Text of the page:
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Dennis Whittle

A World of Good: Social entrepreneur encourages UNC to make a difference

Posted high on the walls of GlobalGiving’s downtown Washington, D.C., office are these core values:

  • Always Open.
  • Listen, Act, Learn, Repeat.
  • Never Settle.
  • Committed to WOW.

“This means think about what the world needs and then act,” said Dennis Whittle (religious studies ’83), who co-founded the online marketplace where donors can fund grassroots, earth-changing projects around the world. “And when you act, you’ll learn about whether it worked or not. And then you do it over again. When I meet students at UNC, I encourage them to go to class, listen and reflect on what could make the world a better place. What speaks to you?”

Whittle, UNC’s Richards Donohoe Social Entrepreneur in Residence, has followed many of those same principles in his own life. [See related story.]

He has always been a bit of a maverick, from the moment he left New Hampshire to come to Carolina on a Morehead Scholarship. At age 25 with a master’s degree from Princeton, he landed a job at the World Bank, where he was told that many folks who were hired needed Ph.Ds. About 14 years later, he left a successful career there to co-found GlobalGiving, which was named by Forbes magazine in May 2012 as one of “10 startups changing the world.”

Whittle likes to call GlobalGiving’s approach “crowd-sourcing good.” In 10 years, the organization has helped more than 7,000 projects around the globe secure more than $100 million in funding from about 300,000 donors.

Whittle is a firm believer in taking risks and trying new things. He ran his first marathon and became a first-time father — both after age 40.

“I have a huge respect for people who say ‘what the heck’ and just go for it,” he said from his campus office in Gardner Hall. “Developing the resilience to persist is one of the most important things you can do, and you can’t learn that from a book.”

Dennis Whittle in the GlobalGiving office
Dennis Whittle (pictured in GlobalGiving’s D.C. office) says he learned about innovation from his UNC religious studies professors. (photo by Angela Wu)

Whittle says he learned a lot about being an entrepreneur from, of all things, his UNC religious studies professors. This was long before a formal effort existed in the College to nurture entrepreneurs.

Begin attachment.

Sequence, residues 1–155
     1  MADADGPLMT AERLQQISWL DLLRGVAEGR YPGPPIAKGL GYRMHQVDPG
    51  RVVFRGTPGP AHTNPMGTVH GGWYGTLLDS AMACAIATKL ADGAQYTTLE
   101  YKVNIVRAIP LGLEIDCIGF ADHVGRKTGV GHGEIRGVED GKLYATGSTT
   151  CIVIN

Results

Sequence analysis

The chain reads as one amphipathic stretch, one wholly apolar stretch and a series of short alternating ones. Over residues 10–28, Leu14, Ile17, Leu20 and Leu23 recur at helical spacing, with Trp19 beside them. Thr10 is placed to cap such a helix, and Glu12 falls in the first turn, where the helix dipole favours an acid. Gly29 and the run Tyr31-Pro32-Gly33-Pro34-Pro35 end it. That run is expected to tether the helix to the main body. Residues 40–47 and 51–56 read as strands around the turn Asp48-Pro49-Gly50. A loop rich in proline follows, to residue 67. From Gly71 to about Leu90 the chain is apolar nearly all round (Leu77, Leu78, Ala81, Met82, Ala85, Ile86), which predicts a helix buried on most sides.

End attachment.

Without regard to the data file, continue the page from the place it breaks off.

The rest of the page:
“Religious studies had a fantastic group of professors with very eclectic interests — Peter Kaufman, Jim Peacock, Ruel Tyson,” he said. “None of them used the words ‘entrepreneurial’ or ‘innovation,’ but all of those [teachers] helped me to see the world in new ways, and that’s the first step toward becoming an entrepreneur.”

As entrepreneur in residence, Whittle comes to UNC for several days each month to teach and meet with students, faculty, administrators and local government leaders. He sees his role as “trying to identify the most effective levers where I can help push along new ideas. Who can I provide support to that will enable them to take their ideas further and faster?”

In 2011, Whittle stepped down from day-to-day operations at GlobalGiving to found The Whittle Group, an advisory practice that helps organizations and companies “invent the future.”  Today, GlobalGiving is headed by the other co-founder, Mari Kuraishi (to whom he has been married for the last eight years.)

Whittle knows it can be pretty overwhelming to try to make a difference in the world. Still, he is amazed at UNC students’ magic combination of “enthusiasm, intelligence and guts.” Callie Brauel, a 2009 business and economics major, founded ABAN, a nonprofit that empowers marginalized young women in Ghana by providing them with a trade, shelter and education. Her group recently landed a permanent spot on GlobalGiving, exposing the organization to donors everywhere.

A good place to start doing a world of good? Whittle says don’t forget about your own backyard.

“I tell students they can make a real and fundamental difference in the lives of people around them … their family, the kids in the community. One of the greatest pleasures I’ve had in the last few years is just spending time in my inner-city neighborhood and hanging out with the kids there. Is that going to change the world? No.

“Is it going to have a positive impact on their lives? I think so.”

More at www.globalgiving.org and www.denniswhittle.com. Read more of our interview with Dennis Whittle.

[Story by Kim Weaver Spurr ’88]

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